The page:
The first dating app I ever hit “download” on was Plenty of Fish. I was 18, in my best friend’s basement, slightly buzzed off cheap wine when I made her a profile as a joke. POF began probing her with intimate questions. I laughed, but she stiffened and moved the phone closer to her eyes.
“This is kind of fun,” she admitted. When I left her place, the phone was still glued to her thumbs.
I started to sign up for Tinder on nights out, only to regret my matches in the morning and delete my profile, promising myself I wouldn’t go back. Like most addicts, I didn’t keep my promise for long.
When new dating apps began cropping up, I left Tinder to the hands of hookup artists. I met a stable environmentalist on Bumble. We dated for a year.
Post-breakup, I mourned our relationship before downloading a new app: one with no swiping involved. On Hinge, I met a serious paramedic, and then an erratic businessman. I dated each for two months.
After each breakup, I told myself I’d take some time. I wanted to concentrate on myself. I’d reflect on who I was and what I wanted. I wouldn’t download any dating apps.
Like clockwork, two weeks later, lying in bed alone, I’d crawl back to the app store and search “dating” in the blank white bar.
Drugs I don’t need; even alcohol I abstained from for an entire year. Dating apps? I craved them.
I’m sure there’s a psychological reason we get so addicted. A surge of endorphins or adrenaline when someone we consider attractive considers us attractive, too. All they do is flick their thumb one way, and we feel complimented, confident, validated.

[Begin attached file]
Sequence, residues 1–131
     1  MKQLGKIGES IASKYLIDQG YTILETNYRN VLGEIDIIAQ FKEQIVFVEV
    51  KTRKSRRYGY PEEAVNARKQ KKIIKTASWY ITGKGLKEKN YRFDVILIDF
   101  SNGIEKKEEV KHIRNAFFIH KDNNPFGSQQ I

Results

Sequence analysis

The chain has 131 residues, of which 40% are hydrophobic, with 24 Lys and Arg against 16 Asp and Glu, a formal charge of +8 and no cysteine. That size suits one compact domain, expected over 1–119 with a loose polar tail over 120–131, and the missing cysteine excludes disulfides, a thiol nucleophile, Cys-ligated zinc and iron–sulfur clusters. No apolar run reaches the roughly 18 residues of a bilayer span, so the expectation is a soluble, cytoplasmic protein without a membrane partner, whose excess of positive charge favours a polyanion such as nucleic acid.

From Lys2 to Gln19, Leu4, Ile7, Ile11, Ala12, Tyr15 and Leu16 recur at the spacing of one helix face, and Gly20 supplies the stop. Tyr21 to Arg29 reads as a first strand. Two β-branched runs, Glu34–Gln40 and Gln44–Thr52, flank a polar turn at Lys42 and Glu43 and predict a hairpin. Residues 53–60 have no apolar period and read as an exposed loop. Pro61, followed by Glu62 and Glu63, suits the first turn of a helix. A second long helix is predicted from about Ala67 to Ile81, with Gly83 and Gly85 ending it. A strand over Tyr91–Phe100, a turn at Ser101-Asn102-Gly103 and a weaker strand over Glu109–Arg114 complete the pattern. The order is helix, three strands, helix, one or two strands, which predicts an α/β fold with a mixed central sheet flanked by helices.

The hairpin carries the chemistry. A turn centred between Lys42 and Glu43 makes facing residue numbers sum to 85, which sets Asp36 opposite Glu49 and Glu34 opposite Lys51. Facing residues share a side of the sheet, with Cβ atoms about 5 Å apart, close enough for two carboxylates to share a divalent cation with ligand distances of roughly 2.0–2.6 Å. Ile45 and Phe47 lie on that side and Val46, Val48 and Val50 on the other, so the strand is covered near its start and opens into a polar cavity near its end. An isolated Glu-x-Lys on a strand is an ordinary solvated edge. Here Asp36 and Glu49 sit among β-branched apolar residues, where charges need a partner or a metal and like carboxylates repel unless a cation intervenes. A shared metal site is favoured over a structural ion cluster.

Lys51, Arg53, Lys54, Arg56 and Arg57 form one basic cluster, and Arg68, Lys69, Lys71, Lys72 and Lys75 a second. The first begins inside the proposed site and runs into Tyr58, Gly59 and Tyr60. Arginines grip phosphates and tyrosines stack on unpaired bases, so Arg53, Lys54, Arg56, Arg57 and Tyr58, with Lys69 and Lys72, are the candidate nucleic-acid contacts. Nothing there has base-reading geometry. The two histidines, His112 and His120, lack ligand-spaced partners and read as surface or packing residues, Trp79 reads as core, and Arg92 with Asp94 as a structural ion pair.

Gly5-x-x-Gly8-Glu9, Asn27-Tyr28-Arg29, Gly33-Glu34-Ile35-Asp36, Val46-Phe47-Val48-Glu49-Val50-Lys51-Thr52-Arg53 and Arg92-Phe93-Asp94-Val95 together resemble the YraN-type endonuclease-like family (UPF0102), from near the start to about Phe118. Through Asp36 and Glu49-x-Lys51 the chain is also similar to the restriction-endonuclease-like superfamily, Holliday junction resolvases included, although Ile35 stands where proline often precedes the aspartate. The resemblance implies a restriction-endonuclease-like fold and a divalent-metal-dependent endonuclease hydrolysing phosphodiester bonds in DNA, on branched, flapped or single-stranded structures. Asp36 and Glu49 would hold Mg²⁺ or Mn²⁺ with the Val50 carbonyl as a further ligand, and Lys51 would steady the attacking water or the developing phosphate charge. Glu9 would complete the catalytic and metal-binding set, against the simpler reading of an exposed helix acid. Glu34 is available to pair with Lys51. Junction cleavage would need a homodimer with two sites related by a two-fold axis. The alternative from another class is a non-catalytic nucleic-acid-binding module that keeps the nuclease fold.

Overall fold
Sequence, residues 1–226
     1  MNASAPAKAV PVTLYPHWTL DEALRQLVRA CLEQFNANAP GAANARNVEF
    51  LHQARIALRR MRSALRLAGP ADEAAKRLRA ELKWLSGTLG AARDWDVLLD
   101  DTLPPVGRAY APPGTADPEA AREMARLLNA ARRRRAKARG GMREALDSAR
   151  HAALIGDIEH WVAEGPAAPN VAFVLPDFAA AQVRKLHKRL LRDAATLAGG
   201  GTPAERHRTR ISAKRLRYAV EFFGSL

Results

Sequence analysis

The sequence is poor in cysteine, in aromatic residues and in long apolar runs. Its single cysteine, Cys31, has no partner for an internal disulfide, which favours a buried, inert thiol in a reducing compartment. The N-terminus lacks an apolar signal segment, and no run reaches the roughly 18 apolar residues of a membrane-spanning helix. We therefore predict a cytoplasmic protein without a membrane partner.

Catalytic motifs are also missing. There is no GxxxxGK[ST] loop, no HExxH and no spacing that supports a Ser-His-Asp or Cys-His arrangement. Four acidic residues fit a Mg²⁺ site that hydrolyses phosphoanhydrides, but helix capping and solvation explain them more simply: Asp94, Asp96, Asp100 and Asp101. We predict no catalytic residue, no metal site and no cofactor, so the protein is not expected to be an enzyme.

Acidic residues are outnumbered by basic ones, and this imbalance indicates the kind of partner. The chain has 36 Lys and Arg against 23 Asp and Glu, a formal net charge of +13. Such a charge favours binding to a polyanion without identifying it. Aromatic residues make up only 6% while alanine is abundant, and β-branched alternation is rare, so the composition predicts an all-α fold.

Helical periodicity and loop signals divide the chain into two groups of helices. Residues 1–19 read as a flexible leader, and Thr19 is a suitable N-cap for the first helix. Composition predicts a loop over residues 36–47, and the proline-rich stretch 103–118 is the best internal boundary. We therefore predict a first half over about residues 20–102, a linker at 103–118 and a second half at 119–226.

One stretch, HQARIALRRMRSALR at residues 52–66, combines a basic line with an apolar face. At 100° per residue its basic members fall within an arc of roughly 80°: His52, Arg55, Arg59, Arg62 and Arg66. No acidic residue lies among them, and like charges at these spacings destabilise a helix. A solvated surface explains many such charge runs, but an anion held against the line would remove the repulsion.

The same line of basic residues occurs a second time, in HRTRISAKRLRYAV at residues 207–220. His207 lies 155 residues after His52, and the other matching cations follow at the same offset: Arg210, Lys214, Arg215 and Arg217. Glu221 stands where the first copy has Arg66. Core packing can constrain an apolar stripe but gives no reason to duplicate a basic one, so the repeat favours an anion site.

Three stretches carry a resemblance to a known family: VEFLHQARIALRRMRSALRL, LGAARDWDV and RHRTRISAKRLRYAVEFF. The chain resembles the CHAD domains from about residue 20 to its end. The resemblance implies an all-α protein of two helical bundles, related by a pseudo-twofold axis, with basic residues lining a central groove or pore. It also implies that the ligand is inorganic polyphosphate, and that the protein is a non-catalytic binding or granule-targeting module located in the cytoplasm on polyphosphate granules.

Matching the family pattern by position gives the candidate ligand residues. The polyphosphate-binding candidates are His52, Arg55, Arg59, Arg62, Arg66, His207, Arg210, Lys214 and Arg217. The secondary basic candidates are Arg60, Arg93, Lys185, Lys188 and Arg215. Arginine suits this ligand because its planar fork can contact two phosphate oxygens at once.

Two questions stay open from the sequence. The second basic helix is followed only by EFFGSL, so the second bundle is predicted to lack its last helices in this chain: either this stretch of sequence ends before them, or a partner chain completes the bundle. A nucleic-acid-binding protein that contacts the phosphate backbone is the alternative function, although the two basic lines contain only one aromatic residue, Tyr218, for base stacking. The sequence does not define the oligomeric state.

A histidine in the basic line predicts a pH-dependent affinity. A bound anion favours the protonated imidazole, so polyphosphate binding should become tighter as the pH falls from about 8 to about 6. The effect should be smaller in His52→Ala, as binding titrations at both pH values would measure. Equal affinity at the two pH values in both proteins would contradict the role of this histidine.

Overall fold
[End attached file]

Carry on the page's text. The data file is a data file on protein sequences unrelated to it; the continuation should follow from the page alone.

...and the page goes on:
Scrolling became the last thing I’d do before I fell asleep, the first thing when I woke up. At 7 a.m., I peered through sleep-crusted eyelashes at a glaring light just to see if I’d gotten a response that would make me feel fleetingly better about myself.
A 24-year-old probed me to consider giving up my unhealthy habit. In the upstairs of a hipster club, I caught the eye of a tall blond. When he started speaking to me, I realized I hadn’t been approached and hit on in person since … college? Feeling his body next to mine was euphoric ― an entirely different experience than stretching my fingers to zoom in on pixels lit up behind plastic. When I disclosed my age, he leaned in and said, “It’s OK, I like older women.”
“I’m not old!” I burst, shocked at his reaction to our three-year age gap.
Back in my bed, alone, I opened my dating app. Emoticons and pickup lines abounded, with no substance behind them.
Flirting in person showed me I want so much more than a 7 a.m. self-confidence boost from a guy who will never tell me his last name and takes several days to set up an actual date ― if he does at all.
I want more than cold fingertips on a touch-screen keyboard. I want eyes catching across the room, lips moving in vociferous sentences, hands grazing the nape of my neck, knees touching thighs to foreshadow a pressure point of intimacy.
I want the real stuff. In person.
Maybe I am old.
I teetered with the idea of deletion. Even if I did erase my account, how long would it last? Would I relapse? Would I become too content being on my own? Would I end up alone forever, with seven cats and a self-published novel?
Five days later, a guy I’d matched with told me he’d moved to the city with his ex, but broken up with her because he wanted to be free.
“And so, you downloaded a dating app?” I typed back.
“Yeah, not really looking to date here, but I’m open to whatever happens.”
His answer made me contemplate my own reasons for flicking through profiles of chest hair, beer bottles and dogs belonging to someone else. As good as it felt to have someone call me beautiful online, it felt a million times better to experience attraction in person.